IT architecture inches into university curriculum

Global IT body's efforts to formally avail IT architecture methodologies to tertiary students in IT disciplines has made headway in Indonesia, says regional IASA rep.

SINGAPORE--The International Association of Software Architects (IASA) is working to formally incorporate IT architecture into university curriculum, according to a regional representative.

Aaron Tan Dani, founder and chairman of IASA Asia-Pacific, told ZDNet Asia on the sidelines of the IT Architecture Regional Conference Singapore 2010 here Tuesday that the IT body is in discussions with universities around the world to integrate the IT architecture body of knowledge (ITABOK) into the curriculum of IT-related disciplines.

To his knowledge, no university in the world currently offers such programs, said Tan Dani, who is also a co-author of ITABOK.

Developed in 2007 and currently in its second version, ITABOK covers 256 skills associated with IT architects, including softer skills such as communication and leadership.

Within Asia, IASA has already linked up with 710 universities in Indonesia to introduce IT architecture concepts and methodology into IT courses, said Tan Dani. The material will be introduced first as elective modules, rather than full-fledged courses, he said.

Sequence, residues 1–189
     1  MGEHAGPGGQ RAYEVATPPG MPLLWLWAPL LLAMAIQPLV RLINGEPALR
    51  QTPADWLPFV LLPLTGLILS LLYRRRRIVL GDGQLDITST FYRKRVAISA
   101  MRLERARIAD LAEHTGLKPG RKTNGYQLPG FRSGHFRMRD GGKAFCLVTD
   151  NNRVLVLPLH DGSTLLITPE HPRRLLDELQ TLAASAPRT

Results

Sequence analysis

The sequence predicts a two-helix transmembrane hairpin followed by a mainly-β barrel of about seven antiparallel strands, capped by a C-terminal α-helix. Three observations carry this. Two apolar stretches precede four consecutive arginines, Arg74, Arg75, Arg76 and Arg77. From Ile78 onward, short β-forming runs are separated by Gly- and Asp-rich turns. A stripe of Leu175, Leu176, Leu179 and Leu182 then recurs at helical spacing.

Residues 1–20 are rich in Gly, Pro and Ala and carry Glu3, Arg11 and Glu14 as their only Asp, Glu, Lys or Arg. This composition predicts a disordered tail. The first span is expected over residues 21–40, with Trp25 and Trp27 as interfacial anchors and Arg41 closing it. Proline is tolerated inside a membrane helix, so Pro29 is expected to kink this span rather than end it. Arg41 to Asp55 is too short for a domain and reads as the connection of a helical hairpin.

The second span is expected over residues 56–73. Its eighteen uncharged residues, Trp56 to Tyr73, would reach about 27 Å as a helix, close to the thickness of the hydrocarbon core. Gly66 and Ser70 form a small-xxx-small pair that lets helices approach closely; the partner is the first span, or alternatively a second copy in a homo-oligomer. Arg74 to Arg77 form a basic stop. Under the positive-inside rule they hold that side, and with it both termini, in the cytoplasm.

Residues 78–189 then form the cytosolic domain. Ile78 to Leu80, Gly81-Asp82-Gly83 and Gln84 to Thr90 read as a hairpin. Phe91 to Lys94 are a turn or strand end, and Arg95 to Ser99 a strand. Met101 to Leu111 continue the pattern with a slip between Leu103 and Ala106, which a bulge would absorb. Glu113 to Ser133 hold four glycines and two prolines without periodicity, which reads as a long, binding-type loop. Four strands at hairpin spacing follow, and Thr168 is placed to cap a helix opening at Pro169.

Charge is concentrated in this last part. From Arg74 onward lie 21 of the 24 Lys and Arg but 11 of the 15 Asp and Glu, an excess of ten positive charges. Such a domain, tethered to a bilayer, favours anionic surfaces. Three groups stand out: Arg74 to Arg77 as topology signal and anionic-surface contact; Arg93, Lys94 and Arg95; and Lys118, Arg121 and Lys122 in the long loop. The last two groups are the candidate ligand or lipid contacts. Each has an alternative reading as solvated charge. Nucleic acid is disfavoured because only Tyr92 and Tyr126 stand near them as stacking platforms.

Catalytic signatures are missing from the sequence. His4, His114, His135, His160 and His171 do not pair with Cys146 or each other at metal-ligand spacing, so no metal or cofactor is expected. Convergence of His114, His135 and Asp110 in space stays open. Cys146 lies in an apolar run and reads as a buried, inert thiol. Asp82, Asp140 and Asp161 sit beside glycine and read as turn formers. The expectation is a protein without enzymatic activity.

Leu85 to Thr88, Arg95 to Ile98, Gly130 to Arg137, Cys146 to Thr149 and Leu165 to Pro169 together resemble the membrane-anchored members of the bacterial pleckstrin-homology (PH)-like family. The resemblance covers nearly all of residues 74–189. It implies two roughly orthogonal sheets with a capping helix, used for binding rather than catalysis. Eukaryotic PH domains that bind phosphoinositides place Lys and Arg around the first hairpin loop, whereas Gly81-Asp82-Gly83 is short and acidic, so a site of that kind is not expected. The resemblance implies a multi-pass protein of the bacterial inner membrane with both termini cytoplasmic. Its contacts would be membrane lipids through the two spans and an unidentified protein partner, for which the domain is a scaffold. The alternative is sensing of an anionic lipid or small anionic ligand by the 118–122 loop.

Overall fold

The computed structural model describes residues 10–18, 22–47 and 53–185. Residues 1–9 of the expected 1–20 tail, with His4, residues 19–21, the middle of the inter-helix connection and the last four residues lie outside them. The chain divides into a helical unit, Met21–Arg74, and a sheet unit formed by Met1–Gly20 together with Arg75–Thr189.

Apart from Indonesia, Malaysia is also receptive to the proposal to include IT architecture at the university level, he added. IASA is also in discussions with the Institute of Systems Science, which is run by the National University of Singapore.

IT architecture, admitted Tan Dani, is not yet established as a profession and varied definitions of an IT architect still exist. However, the role is an important one as business value can only be derived when IT architecture is fused with business strategy.

An IT architect who does not care about the business cannot be termed an IT architect, he pointed out.

Terry Goldman, Asia-Pacific senior principal architect for Oracle Fusion Middleware, said in his conference presentation that both large and small companies stand to enjoy a substantial amount of savings per user by putting in place an enterprise architecture.

On top of that, activities associated with getting rid of IT inefficiencies, such as cutting environment complexity, have "touch points with the architecture", Goldman said.

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